At the recommendation of the National Toxicology Program and Centers for Disease Control and Prevention, DHHR has chosen to launch a birthweight study to perform an analysis of children with low birthweights born during the period of the chemical spill in the nine affected counties.

Dr. Patrick Breysse, the Director of CDC’s National Center for Environmental Health said that it's reassuring that the NTP study results confirm  the determination in the early days of the spill that the levels of MCHM in drinking water were not likely to be associated with adverse health effects.


West Virginia Morning
West Virginia Public Broadcasting / West Virginia Public Broadcasting

On West Virginia Morning, reports about two laws taking effect today.  One of them de-regulates some aboveground storage tanks and another makes it easier for craft breweries to do business in the state.  These stories on West Virginia Morning from West Virginia Public Broadcasting – telling West Virginia’s story.


Freedom Industries
Aaron Payne / West Virginia Public Broadcasting

Two former Freedom Industries executives have been arraigned on a second superseding indictment stemming from a massive chemical spill last January.

The indictment contains a new charge against former Freedom President Gary Southern dealing with the company's bankruptcy. It restates original charges against him and former Freedom official Dennis Farrell.

Southern faces an additional count of lying under oath in bankruptcy court. He faces up to 93 years in prison if convicted.

Dave Mistich / West Virginia Public Broadcasting

Freedom Industries is proposing paying $6.7 million to various parties, including victims of the company's January 2014 chemical spill.

In Charleston federal bankruptcy court Thursday, the company proposed a plan to offer spill victims $2.7 million.

The January 2014 spill contaminated 300,000 residents' tap water for days. Businesses that couldn't operate without water, including restaurants, and individuals are seeking compensation.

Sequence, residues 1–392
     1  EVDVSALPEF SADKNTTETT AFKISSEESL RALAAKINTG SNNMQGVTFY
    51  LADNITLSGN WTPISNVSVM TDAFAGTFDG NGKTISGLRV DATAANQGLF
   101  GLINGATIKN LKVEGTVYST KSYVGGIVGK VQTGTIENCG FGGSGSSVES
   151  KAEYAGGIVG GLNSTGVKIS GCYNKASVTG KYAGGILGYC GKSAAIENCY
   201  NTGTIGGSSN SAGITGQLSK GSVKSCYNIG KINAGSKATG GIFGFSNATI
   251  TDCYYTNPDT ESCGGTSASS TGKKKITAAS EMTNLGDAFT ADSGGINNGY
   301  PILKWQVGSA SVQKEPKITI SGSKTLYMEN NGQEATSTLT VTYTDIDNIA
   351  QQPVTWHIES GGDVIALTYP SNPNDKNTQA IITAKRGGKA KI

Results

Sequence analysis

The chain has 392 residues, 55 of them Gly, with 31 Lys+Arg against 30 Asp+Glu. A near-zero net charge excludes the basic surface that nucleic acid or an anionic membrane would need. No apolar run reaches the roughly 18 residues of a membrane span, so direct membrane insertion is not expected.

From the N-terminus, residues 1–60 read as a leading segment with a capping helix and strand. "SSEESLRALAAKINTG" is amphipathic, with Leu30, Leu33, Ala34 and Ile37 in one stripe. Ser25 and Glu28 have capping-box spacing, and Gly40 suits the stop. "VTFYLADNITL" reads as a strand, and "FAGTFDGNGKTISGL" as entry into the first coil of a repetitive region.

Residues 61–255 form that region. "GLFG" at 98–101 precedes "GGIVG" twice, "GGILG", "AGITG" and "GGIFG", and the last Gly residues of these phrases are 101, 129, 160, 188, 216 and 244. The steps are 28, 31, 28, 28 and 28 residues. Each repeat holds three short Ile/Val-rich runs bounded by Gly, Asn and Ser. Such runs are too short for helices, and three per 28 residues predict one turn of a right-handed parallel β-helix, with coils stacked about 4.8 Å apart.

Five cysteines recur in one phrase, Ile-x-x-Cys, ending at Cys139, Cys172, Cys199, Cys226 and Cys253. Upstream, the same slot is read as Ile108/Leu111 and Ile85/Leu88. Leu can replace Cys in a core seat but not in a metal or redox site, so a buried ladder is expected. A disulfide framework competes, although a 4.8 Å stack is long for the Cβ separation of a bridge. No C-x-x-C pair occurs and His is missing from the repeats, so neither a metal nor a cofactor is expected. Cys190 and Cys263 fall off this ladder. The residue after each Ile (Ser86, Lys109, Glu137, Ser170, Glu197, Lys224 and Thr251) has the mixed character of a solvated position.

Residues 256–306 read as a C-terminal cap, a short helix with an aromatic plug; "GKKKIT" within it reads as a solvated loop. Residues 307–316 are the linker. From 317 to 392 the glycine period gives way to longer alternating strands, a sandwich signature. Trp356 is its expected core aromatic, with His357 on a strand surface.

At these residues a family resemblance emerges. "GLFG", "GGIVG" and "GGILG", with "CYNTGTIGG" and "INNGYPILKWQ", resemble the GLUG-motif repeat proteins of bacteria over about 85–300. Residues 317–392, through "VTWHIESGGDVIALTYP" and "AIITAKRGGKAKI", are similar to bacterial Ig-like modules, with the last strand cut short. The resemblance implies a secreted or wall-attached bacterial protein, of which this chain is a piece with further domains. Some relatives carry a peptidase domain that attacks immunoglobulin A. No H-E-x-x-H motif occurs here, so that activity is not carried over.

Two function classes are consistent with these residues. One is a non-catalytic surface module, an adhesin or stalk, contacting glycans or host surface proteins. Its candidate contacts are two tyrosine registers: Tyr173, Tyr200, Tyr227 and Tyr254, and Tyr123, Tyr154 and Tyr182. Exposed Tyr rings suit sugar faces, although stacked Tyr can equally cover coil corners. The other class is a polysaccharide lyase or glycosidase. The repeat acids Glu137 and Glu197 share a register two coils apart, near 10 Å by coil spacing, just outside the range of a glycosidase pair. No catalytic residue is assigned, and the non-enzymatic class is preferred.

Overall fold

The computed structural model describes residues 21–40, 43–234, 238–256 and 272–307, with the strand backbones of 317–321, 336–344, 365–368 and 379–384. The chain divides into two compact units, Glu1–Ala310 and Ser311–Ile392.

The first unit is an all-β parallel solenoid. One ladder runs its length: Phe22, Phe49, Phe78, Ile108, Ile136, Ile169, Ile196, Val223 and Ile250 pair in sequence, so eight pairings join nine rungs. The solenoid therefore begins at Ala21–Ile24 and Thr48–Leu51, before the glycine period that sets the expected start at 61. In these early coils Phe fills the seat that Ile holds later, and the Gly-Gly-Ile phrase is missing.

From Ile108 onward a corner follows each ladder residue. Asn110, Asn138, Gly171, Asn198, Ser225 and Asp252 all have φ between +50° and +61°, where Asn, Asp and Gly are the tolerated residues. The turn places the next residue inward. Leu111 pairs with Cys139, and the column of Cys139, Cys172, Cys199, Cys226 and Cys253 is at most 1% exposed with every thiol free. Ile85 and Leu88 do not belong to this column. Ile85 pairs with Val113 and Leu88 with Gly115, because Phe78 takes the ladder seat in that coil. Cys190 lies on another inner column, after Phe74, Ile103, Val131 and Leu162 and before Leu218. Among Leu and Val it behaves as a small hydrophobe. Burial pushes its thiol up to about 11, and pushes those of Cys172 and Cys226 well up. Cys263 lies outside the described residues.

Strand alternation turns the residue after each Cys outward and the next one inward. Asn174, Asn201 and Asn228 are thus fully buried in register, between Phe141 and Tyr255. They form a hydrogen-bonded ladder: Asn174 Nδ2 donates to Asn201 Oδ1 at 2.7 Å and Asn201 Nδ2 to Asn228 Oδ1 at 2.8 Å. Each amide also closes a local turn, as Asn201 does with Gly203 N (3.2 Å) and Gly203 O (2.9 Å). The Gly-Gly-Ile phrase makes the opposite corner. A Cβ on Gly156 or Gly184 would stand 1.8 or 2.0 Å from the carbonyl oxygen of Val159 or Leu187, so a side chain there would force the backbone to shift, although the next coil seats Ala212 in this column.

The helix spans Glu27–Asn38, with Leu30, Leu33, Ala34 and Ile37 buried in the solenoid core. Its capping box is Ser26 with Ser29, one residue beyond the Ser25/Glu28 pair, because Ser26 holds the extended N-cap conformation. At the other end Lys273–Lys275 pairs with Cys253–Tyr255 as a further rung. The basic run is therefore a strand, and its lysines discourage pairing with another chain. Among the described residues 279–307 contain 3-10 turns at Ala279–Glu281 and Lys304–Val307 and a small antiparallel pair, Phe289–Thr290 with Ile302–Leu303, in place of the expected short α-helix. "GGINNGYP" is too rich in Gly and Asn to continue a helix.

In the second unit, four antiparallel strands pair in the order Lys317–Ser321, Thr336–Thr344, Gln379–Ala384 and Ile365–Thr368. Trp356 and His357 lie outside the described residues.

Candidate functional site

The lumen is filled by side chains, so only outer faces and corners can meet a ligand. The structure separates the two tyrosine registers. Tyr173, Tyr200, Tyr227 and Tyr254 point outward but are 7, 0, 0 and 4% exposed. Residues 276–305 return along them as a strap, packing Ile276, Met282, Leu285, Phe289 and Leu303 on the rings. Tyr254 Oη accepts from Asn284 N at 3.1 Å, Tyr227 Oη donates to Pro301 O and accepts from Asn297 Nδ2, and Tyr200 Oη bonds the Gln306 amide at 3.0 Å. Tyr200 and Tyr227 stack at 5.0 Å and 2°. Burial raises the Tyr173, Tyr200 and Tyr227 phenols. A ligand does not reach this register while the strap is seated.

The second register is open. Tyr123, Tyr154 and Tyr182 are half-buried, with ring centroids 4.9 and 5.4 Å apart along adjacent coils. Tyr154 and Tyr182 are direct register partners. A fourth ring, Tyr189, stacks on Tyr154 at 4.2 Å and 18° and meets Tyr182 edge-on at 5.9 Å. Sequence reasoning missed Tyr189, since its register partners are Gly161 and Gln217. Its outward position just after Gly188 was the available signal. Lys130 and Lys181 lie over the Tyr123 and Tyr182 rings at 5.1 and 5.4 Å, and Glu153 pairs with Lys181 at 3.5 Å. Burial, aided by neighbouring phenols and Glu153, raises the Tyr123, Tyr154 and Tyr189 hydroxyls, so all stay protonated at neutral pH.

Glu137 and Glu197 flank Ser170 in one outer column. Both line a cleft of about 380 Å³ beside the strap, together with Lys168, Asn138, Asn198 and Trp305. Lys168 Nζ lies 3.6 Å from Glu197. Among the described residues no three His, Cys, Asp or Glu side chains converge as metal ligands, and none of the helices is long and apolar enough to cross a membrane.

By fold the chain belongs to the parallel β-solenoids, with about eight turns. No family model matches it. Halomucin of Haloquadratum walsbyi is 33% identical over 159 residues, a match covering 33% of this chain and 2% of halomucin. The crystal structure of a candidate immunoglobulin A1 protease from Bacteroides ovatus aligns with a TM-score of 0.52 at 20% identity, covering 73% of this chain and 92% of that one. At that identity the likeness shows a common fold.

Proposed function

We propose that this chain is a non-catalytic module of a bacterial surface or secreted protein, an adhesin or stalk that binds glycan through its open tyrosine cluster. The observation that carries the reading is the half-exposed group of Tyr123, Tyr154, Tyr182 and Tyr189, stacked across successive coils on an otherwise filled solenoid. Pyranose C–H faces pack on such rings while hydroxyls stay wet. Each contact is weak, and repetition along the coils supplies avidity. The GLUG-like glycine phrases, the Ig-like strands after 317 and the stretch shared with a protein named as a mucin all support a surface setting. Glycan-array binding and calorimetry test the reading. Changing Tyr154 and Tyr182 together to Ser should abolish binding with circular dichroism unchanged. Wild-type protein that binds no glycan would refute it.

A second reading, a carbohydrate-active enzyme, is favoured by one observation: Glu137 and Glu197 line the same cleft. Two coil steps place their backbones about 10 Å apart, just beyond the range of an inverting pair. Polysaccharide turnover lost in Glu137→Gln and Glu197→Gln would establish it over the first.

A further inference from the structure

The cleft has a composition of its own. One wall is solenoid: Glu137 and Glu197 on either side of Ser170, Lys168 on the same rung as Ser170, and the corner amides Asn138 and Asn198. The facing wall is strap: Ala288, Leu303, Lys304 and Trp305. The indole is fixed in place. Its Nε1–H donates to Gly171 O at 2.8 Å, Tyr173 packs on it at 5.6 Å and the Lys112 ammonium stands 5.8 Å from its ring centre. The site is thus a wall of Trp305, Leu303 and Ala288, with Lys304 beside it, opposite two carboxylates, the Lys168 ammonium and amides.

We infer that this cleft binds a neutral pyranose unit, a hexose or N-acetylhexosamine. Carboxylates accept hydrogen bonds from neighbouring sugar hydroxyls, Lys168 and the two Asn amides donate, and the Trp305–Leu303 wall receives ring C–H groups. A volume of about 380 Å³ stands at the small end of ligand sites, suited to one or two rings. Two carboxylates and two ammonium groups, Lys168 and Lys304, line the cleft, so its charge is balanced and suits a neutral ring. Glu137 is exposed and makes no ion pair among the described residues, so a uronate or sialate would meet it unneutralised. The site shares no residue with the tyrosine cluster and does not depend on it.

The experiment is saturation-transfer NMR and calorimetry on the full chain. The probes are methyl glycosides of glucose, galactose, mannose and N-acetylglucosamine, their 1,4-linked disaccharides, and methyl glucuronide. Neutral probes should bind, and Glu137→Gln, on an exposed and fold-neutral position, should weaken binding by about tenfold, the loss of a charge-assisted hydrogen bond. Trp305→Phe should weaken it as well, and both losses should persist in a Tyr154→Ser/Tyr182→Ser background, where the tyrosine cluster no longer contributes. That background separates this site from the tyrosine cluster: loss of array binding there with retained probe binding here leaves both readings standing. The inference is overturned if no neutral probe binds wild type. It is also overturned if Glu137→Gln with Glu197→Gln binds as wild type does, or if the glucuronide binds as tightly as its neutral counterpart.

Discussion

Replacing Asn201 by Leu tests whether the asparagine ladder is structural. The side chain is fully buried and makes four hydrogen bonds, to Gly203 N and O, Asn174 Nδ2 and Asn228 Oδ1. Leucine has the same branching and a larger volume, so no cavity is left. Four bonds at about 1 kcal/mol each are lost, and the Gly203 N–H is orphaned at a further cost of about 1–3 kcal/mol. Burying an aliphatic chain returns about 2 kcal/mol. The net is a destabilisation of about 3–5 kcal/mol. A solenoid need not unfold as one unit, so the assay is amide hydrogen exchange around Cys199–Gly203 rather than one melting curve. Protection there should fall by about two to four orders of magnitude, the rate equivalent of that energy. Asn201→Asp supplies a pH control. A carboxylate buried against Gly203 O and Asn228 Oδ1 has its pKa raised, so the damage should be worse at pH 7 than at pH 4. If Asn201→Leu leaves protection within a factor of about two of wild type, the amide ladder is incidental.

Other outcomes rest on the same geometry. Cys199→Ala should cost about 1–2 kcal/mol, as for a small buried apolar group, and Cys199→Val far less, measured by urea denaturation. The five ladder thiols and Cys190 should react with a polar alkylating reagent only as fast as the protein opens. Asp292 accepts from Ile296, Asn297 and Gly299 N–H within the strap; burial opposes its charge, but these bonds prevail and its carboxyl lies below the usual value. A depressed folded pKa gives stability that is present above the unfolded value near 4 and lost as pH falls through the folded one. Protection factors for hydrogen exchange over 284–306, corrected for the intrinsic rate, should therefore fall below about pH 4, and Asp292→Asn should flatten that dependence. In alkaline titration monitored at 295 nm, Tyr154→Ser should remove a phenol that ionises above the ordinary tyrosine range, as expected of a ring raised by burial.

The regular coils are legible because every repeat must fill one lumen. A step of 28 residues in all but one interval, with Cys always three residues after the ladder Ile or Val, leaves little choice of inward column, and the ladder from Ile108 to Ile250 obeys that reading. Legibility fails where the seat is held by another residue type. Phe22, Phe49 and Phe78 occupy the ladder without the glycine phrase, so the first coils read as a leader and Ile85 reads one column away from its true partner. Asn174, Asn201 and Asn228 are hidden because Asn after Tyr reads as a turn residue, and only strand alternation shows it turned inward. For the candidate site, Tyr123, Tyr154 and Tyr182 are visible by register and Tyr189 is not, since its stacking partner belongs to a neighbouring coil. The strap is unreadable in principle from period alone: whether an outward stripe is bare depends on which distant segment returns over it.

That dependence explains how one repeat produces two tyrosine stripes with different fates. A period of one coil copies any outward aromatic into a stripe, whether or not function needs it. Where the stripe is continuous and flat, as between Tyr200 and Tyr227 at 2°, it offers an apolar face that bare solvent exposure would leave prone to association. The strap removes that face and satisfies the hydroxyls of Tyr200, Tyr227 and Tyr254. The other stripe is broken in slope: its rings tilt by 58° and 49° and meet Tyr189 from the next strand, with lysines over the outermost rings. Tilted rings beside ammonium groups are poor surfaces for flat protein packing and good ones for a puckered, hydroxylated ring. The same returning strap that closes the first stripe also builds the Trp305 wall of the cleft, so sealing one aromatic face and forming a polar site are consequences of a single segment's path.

Ashton Marra

The state tourism division's record keeper has been subpoenaed in the criminal cases over a massive chemical spill last year.

In Charleston federal court Thursday, the subpoena says the Division of Tourism records custodian must attend the May 6 hearing for Freedom Industries officials facing federal charges.

The subpoena requires producing correspondence involving Tourism Commissioner Amy Shuler Goodwin's office about the January 2014 chemical spill.

Dave Mistich / West Virginia Public Broadcasting

Prosecutors are filing sealed responses to a questionnaire aiming to determine if conflicts exist in the criminal case over a massive chemical spill last year.

In Charleston federal court Tuesday, Judge Thomas Johnston ordered the responses to be sealed. U.S. Attorney Booth Goodwin and two subordinates who also lived in the area affected by the spill will fill out the surveys.

Prosecutors Set Up Website for Victims in W.Va. Spill Case

Apr 15, 2015
Dave Mistich / West Virginia Public Broadcasting

Federal prosecutors have set up a website offering updates to victims about the criminal cases over last year's massive chemical spill.

On Wednesday, U.S. Attorney Booth Goodwin announced the new website about the Freedom Industries cases.

Freedom Industries
Aaron Payne / West Virginia Public Broadcasting

A federal judge is drafting a questionnaire to decide whether prosecutors who live in Charleston have a conflict of interest in the criminal case over the massive chemical spill last year.

Dave Mistich / West Virginia Public Broadcasting

Freedom Industries has signed a Voluntary Remediation Agreement with the West Virginia Department of Environmental Protection following the January 2014 spill of crude MCHM that tainted the water supply of 300,000 West Virginians for days. The agreement is part of the Freedom’s acceptance into the DEP’s Voluntary Remediation Program, including clean up the site.

West Virginia Morning
West Virginia Public Broadcasting / West Virginia Public Broadcasting

On West Virginia Morning, reports from two public meetings last night.  State officials talk with citizens about clean up plans for the Freedom Industries site in Charleston where a chemical spill occurred last year.  And in Bridgeport, citizens for and against the Atlantic Coast natural gas pipeline speak to federal officials.  These stories coming up on West Virginia Morning from West Virginia Public Broadcasting – telling West Virginia’s story.